Technology No Longer Improving

Seems everywhere you turn today something negative is coming out about software and technology. Negative being sold to consumers as a positive. More companies moving to an online/cloud solution for data. Updated and new software is at close to 90% sold in subscription models. 

New businesses, businesses wanting to expand their offerings focus on telling you how if you do this certain thing, it will bring a boon to your business. Please don’t buy it. Ask yourself, if we could go to a single source to be told what we need to do in order to become rich; then why isn’t everyone rich and why is everyone looking to get rich? 

Amazon Web Services, Microsoft Azure, Google Cloud, Apple’s iCloud, etc. all requesting either monthly payments or a scaling payment based on server up time; billed to you by the second. Sold to you because you don’t have to have your own servers, reduces your IT foot print, after all they are Amazon servers and you no longer have physical servers. Yet today read a job description that doesn’t now have the request for “bonus” having AWS experience, how many can you find? How much has switching to one of the cloud services “saved” you over time? You still need someone who knows the cloud technology, yes the one they said you wouldn’t need letting them provide your servers still needs to be employed. They change technology at their whim, not yours, which increases price in most cases. 

All of this being done because it “simplifies” your life. Marketing is great at telling you how much it will simplify and reduce your costs; you buy it. Then realize it is costing in many cases more. You now have a monthly payment to make, still have to pay a server administrator and upgrades come without concern of your actual budget or how your income if flowing this year.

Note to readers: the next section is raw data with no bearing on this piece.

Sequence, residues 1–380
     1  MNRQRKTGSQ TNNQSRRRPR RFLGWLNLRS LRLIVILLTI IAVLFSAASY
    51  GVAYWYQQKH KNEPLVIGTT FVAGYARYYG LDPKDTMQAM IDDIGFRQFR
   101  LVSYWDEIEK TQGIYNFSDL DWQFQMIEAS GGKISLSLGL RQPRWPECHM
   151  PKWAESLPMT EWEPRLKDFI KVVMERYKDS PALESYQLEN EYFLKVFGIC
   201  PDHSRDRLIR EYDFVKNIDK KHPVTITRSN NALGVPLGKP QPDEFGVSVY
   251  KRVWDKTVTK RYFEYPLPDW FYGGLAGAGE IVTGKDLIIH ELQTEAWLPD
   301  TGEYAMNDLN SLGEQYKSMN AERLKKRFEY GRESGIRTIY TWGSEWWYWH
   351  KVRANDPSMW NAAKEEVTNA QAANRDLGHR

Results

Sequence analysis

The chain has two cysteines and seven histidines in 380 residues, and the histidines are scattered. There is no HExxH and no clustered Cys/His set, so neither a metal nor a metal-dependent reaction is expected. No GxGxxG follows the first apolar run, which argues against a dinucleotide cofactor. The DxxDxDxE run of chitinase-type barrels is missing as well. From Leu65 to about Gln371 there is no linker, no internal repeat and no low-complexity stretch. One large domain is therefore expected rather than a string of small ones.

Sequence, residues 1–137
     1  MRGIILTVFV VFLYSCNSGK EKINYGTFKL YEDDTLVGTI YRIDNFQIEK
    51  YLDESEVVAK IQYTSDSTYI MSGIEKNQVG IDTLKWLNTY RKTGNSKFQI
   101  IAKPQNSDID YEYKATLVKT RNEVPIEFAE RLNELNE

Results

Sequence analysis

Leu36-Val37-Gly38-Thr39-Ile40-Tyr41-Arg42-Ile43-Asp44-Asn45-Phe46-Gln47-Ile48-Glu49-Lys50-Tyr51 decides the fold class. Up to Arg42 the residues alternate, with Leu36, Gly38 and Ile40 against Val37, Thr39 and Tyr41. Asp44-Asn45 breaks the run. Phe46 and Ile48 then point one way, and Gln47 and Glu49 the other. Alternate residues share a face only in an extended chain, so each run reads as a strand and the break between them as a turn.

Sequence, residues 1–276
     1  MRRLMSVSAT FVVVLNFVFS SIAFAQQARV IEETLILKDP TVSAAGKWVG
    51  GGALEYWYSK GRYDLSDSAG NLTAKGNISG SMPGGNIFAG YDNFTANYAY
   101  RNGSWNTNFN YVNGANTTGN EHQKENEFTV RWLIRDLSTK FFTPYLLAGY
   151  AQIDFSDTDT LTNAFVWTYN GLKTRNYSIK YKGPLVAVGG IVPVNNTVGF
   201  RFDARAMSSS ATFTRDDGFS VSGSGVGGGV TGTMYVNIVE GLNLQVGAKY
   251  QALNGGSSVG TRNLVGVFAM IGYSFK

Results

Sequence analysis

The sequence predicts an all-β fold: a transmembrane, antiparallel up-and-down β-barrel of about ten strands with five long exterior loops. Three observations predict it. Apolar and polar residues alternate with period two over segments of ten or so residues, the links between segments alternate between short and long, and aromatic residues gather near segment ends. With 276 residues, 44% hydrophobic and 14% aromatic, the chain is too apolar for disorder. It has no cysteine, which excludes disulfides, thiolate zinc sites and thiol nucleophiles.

Same occurs with software. Pay me by the month or year to use my software. Of course when you can’t pay it anymore you can’t access things you created with it. Yet, consumers and businesses continue to purchase software and services on this model. 

I for one don’t unless I can see no other choice. The majority of my software is purchased outright. I purchase upgrades when I can afford it, and when there are enough improvements to make the upgrade cost effective. The logic developers us is “by getting a continual payment it gives me incentive to keep developing”. Interesting logic there. But not what I consider logical. Why? Having “incentive” to develop doesn’t mean your development will continue down the path of what I use your software for. You don’t give me a good means to explain to you how you can improve your software and often when I can the response is “We feel something else is more important, although we know we need to improve the product there also”.